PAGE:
There was a temporary outlet panel set up on a wooden board that provided multiple GFCI-protected electrical outlets for any electrical power brought into the boiler. There was also a permanent outlet with no indications or markings that would suggest it was GFCI protected. The outlet was convenient to the entry hatch and was not part of the GFCI-protected outlet board. After the incident, there was debate whether this outlet was fed from a GFCI-protected circuit breaker but from all indications it was not GFCI protected at the time of the incident — and it clearly did not function as a GFCI outlet would. Someone, probably out of convenience, energized the stringer from the non-GFCI outlet. At some point, the plastic protective cover on one of the lights was damaged, allowing the light bulb to be exposed. At some point, the exposed light was broken, creating a dark area with an open 120V filament. When and how these events occurred is unknown. What is not in question was the tragedy that followed.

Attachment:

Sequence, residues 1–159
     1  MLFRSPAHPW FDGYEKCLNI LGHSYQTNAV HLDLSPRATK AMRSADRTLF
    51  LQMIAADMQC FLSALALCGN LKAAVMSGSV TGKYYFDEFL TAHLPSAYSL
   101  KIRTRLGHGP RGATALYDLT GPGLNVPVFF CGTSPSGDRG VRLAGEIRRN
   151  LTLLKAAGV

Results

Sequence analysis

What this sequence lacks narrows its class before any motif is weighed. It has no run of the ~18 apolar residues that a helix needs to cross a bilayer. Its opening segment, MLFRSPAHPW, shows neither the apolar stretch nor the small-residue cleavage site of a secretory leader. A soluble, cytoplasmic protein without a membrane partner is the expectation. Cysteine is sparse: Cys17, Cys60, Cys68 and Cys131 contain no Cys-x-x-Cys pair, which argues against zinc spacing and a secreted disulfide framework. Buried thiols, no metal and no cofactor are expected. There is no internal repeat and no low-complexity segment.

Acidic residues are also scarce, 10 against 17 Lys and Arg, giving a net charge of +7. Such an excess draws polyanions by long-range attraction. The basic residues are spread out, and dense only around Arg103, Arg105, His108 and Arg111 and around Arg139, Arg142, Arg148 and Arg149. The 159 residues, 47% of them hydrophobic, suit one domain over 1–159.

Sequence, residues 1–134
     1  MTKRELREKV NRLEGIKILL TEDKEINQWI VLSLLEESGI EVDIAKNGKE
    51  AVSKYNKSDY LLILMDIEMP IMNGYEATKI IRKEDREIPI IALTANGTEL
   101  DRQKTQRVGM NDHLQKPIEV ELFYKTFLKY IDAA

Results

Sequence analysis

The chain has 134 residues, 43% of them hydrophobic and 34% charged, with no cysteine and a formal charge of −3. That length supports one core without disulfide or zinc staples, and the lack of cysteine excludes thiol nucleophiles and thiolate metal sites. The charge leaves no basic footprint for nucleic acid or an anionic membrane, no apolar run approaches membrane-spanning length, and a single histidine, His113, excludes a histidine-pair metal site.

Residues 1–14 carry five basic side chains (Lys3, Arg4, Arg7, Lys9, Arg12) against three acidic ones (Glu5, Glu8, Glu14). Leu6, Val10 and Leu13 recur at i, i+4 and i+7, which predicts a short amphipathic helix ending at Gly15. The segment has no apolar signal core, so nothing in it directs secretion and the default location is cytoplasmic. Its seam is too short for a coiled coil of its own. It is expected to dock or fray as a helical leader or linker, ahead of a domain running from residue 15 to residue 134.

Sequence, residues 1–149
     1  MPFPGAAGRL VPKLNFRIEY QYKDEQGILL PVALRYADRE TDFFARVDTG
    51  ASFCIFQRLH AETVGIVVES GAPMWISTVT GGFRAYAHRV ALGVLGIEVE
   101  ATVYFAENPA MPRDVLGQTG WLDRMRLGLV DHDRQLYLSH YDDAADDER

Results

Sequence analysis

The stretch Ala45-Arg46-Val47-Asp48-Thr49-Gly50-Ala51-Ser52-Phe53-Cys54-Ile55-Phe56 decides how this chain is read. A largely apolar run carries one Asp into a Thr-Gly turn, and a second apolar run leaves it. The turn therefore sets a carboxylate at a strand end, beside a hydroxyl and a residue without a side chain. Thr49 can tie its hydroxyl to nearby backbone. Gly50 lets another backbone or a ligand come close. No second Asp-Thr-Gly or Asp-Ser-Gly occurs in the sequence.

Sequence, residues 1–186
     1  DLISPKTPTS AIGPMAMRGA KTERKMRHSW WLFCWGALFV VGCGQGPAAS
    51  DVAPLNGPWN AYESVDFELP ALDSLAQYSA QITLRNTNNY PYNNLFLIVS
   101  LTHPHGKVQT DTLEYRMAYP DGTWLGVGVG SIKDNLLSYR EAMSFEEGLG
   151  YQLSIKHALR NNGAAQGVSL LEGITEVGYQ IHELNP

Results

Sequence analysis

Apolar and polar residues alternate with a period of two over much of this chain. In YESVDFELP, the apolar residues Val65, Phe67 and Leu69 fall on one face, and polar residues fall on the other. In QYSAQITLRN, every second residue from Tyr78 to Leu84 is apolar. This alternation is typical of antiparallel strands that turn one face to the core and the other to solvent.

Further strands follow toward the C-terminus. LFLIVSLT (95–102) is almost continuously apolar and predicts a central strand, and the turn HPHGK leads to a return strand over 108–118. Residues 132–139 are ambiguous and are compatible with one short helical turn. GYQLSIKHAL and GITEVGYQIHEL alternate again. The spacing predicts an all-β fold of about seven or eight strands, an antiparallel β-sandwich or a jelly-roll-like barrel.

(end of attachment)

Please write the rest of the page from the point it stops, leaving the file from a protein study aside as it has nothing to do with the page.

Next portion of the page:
The accident

One of the two men came in contact with the energized filament and for the next 45 seconds screamed in pain, basically trapped as part of the circuit between the filament and the grounded tubes. The second man, working on a lower piece of scaffolding, claimed to have been shocked briefly. Finally, the lights were unplugged, a replacement bulb was passed into the dark workspace, and the lights were re-energized, revealing that the first worker lay dying from electrically induced fibrillation.